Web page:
BONDS OF BASEBALL
by Bernadette Verzosa
“Run, Henry, run,” cheers the enthusiastic crowd, as they watch Henry Caputo drop his bat, and dash up the sideline while holding down an oversized helmet. On this crisp, spring day, the sky is a bright blue, the field is a bright green, and Henry’s uniform is a very bright orange. He is four years old, and this is his first official t-ball baseball game. Waiting to give him a high-five at first base was the assistant coach, his dad, Franklin Caputo.”It was wonderful seeing Henry have so much fun. It really brought joy to me as a father,” he said. ” It took me back to when I started playing baseball as a 7-year-old. I played through high school and helped my father coach my younger siblings’ baseball teams.”
Next up at bat is Henry’s lifetime friend, 4-year-old Ian Goldstein. “This is awesome. I want to come back and do it again,” Ian said. His mother, Betsy Goldstein, organized this group of 11 boys and 2 girls. They were
assigned to become this season’s Baltimore Orioles, one of 10 teams playing at the Trotter Family YMCA. His
father, Gregg Goldstein, is head coach.
“Coaching Ian and his friends is fantastic. At this age, you’re just hoping that they get the concept that they’re on a team, and having a good time,” he said. “Other than that, outs don’t matter, runs don’t matter. Everyone gets to hit, everyone gets to field, and they’re learning how to work together.”
Goldstein grew up an Astros fan, playing baseball at Chapelwood Church in Memorial. He has especially fond memories of his final season. “We were horrible, but we had a blast. We were encouraged to play any position,” he said. “Anyone who wanted to got to pitch a game or just a few innings. We had multiple trick plays and best of all, some of the parents acted as assistant coaches.”
Flexibility is part of what draws families to the YMCA. Its rules are geared towards enjoyment, and not competition. At the Trotter Family YMCA, there are 181 participants registered in the 3-5 year old age group. The t-ball league rules require that there is no score keeping, and that each player gets a turn at bat each inning. There are 204 participants in the 6-13 year old age group. The older teams can choose between Coach Pitch, Machine Pitch and Kid Pitch games.
The YMCA Houston has been hosting baseball games for more than a century. YMCA Historian Gary Nichols found a brochure from a game in 1896. “I suspect the baseball games started before then. The YMCA started as a program for young men 18-30. They were coming to Houston to make their fortune, and the Y provided dormitories, physical education, positive social activities, and even formal training for working skills.”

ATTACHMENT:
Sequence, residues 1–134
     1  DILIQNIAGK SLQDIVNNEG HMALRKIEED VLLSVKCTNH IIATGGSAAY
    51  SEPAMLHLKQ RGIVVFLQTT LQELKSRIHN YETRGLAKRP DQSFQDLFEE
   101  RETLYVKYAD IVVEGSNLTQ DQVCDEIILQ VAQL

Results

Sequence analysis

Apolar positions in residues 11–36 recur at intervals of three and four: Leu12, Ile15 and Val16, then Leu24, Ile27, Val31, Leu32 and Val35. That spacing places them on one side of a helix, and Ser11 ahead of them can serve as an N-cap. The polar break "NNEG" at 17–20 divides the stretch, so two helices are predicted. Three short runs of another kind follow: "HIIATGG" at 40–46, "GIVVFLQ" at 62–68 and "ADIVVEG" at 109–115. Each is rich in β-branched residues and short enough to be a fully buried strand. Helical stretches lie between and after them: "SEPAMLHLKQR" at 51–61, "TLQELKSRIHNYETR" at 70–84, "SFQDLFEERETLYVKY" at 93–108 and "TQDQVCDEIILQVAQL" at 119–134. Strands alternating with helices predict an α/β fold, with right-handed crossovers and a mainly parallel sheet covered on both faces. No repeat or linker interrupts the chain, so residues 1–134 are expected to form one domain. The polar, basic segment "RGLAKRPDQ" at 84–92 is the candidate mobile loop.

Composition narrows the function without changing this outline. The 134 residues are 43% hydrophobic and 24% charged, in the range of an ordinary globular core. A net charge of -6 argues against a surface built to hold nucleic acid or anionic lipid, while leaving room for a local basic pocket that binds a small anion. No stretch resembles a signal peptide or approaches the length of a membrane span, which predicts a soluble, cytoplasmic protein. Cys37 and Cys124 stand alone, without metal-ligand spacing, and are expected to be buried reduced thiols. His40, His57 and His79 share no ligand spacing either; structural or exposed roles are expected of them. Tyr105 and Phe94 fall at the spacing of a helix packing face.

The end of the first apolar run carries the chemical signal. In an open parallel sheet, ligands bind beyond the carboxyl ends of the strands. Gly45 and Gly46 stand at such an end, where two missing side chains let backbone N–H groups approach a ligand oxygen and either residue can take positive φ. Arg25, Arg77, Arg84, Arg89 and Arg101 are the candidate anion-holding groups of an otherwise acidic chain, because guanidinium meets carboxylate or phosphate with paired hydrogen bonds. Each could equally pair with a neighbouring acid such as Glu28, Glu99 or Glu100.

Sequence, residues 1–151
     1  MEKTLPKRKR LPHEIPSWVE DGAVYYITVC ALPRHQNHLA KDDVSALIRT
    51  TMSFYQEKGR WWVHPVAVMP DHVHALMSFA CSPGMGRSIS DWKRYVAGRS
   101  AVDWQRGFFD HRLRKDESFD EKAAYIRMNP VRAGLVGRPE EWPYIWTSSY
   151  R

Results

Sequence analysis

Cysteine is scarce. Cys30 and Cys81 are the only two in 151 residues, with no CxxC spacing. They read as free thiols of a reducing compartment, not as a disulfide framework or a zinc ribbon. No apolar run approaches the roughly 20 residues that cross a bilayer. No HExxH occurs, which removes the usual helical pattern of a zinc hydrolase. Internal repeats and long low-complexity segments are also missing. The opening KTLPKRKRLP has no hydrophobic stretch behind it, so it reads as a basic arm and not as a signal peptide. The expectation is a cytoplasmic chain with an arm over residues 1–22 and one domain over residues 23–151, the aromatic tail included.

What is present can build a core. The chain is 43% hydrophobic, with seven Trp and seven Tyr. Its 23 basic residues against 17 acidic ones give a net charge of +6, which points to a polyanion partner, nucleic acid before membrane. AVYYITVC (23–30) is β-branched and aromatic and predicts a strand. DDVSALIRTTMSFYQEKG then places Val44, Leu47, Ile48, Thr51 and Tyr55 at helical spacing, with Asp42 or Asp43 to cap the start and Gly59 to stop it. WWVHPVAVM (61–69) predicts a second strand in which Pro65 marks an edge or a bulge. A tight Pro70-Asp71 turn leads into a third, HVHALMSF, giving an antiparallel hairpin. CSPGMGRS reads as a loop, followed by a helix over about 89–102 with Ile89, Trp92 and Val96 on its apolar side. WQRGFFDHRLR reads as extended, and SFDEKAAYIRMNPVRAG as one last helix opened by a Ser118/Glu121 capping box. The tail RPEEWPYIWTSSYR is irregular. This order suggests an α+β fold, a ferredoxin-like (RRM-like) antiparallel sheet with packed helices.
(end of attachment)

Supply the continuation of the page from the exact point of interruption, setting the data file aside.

It was after World War Two, during the baby boom of the 1950s, that the YMCA Houston started youth and family activities. “The agenda is the development of the child. I measure the value of the program by how the kids are growing. Are they having fun and learning to play with others?” he said. “It’s important not to go negative on the kids. When the kids miss or drop the ball, parents can just say ‘pick yourself up and go on’. To me, the child is more important than the game.”
Nichols says the YMCA has lower level competition than Little League. However, the Little League mission also focuses on character virtues, stating that the program is “designed to develop superior citizens rather than superior athletes.” Little League also offers Tee Ball. In 2011, more than 1.3 million children ages 4-8
registered to play with the Little League in the U.S.
Founded in 1939, Little League now lists more than 7,000 chartered programs worldwide, mostly in the U.S. Steve Barr, Little League’s Director of Media Relations, says baseball is a spring tradition in many American homes. “There’s a generational carry-over effect. Parents who played come back with their children,” he says. “They want baseball to be part of their children’s lives, to get them connected to the game, even just for a little bit.”
This is certainly the case for the players in the Trotter Family YMCA t-ball league. Both Ian Goldstein and Henry Caputo received their first baseball mitts from their grandparents when they were born.
Franklin Caputo observed that his son and teammates went through what he recalls going through at own his first baseball game decades ago. “You can feel the excitement on the field. It’s a beautiful day and a fun setting. There’s all this hoopla, and you really don’t know what’s going on. I saw that in some of the kids,” he said. “But by the end, they started developing an appreciation of the game, they started to enjoy just being out there and playing with their friends.”
The Baltimore Orioles are scheduled to play eight games this season.